Tweets

  • So sad what's happened in Manchester! At least 19 people dead. Can't believe what parents etc are going through at the moment. Sickening :( 4 weeks 5 days ago
  • Sorry I haven't been on here for a while I have been so busy. If anyone needs me it's best to call or text me on 07761555513 thanks. Dave 6 weeks 4 days ago
  • Need a plasterer? Sean is a top guy and very professional at his job. Highly recommend! https://t.co/qXxgpCB6uK 9 weeks 4 days ago
  • @Robbie9Fowler Sad news mate. Thoughts are with you. Keep smiling I'm sure your dad is very proud of you as you are of him x 11 weeks 3 days ago
  • https://t.co/aiIwTwGrJV 13 weeks 23 hours ago

Helping nervous students

It is perfectly normal to get nervous on your driving test or even just driving in general. We make driving fun and therfore helping to keep nerves to a minimum, Below is a few tips on dealing with practical driving test nerves,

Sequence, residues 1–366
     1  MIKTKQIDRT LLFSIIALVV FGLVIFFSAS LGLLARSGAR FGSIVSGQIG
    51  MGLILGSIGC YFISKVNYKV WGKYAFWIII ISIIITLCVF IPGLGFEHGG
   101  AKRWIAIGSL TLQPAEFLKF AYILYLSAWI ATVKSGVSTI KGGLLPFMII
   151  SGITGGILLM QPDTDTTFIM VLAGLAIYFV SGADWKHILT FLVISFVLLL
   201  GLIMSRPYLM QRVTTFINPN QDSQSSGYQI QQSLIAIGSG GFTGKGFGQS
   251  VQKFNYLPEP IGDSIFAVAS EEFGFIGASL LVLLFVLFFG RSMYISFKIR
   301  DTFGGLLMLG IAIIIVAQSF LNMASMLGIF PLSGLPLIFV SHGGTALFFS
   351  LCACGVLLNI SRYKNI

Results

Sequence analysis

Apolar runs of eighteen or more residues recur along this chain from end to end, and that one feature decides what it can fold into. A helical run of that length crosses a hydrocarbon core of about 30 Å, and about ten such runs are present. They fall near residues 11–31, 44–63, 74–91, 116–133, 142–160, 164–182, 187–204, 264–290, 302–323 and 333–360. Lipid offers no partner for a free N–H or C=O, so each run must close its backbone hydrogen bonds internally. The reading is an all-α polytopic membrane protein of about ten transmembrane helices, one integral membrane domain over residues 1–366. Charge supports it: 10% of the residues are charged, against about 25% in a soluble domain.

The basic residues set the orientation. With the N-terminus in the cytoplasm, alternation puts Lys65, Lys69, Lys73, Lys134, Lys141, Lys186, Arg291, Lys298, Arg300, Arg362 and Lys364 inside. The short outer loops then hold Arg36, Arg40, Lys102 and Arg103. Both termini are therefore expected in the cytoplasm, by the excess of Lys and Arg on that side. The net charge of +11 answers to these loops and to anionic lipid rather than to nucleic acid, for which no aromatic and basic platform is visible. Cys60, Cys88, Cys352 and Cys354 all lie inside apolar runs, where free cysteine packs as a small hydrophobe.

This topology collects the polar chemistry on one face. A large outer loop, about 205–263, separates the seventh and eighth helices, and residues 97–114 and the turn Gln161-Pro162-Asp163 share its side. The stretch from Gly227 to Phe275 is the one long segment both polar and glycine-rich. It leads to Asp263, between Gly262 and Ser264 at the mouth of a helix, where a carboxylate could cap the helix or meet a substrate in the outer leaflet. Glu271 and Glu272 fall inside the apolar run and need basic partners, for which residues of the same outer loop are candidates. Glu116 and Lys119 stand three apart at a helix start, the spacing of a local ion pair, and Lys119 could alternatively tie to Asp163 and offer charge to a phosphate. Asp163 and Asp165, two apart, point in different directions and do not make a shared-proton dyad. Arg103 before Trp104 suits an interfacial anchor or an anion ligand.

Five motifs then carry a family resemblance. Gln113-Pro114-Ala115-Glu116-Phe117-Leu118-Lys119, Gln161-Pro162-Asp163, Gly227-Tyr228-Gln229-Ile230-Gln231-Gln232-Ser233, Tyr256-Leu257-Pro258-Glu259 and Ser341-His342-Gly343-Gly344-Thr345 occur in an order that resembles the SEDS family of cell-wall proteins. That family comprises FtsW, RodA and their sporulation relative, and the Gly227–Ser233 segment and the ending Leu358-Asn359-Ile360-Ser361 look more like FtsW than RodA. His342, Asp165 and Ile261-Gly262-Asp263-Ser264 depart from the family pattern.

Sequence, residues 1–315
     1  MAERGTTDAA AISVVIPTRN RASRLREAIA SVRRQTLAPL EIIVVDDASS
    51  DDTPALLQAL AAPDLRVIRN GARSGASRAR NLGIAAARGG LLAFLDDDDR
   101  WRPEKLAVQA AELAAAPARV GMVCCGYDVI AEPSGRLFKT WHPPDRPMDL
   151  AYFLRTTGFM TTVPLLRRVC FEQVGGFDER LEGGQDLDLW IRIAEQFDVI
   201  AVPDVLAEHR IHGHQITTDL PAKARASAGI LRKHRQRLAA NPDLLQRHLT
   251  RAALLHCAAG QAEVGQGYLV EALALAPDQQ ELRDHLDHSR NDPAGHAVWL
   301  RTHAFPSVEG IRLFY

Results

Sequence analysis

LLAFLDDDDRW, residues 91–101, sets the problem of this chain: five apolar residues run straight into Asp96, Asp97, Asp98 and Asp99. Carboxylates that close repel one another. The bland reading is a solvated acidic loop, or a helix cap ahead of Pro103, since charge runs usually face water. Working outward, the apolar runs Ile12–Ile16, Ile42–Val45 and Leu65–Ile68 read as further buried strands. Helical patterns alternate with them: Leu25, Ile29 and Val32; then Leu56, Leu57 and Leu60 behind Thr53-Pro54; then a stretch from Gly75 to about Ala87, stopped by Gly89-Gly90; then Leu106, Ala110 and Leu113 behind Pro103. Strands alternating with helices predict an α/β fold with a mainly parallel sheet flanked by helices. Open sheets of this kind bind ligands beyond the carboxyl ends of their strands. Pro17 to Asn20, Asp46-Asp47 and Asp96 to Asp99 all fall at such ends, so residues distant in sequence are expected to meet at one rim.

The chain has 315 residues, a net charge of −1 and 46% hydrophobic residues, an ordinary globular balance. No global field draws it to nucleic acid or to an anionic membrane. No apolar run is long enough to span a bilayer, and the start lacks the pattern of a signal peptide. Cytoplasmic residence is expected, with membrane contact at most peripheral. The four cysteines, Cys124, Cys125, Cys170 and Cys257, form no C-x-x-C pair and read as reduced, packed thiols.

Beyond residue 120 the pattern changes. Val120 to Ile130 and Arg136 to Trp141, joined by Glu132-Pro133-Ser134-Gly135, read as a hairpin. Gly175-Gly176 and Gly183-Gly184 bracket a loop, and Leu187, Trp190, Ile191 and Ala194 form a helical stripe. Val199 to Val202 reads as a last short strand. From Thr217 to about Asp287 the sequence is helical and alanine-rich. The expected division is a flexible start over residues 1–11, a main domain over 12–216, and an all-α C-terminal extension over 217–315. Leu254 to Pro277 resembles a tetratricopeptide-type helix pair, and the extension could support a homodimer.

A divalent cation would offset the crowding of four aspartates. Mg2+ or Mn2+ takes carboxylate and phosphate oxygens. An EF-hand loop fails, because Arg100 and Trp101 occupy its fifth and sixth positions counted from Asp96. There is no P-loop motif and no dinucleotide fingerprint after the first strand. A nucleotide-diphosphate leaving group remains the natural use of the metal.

• Don't think about 'what if I fail'. Concentrate on the positive, the negative will fend for itself.
  • Introduce yourself to the examiner as soon as you find out who is going to administer the test, and thank them for being your examiner. It will create something of a rapport between you and the examiner and make it feel like less of a "Me versus Them" situation.
  • Use common sense. If a truck jumps out in front of you and you have to swerve out of your lane without signaling, it isn't a demonstration of bad driving, but defensive driving. Normally, unless you speed, tailgate, don't use turn signals, or recklessly change lanes without reason you will pass.
  • Be completely aware of everything, especially potential pedestrians who have the right of way.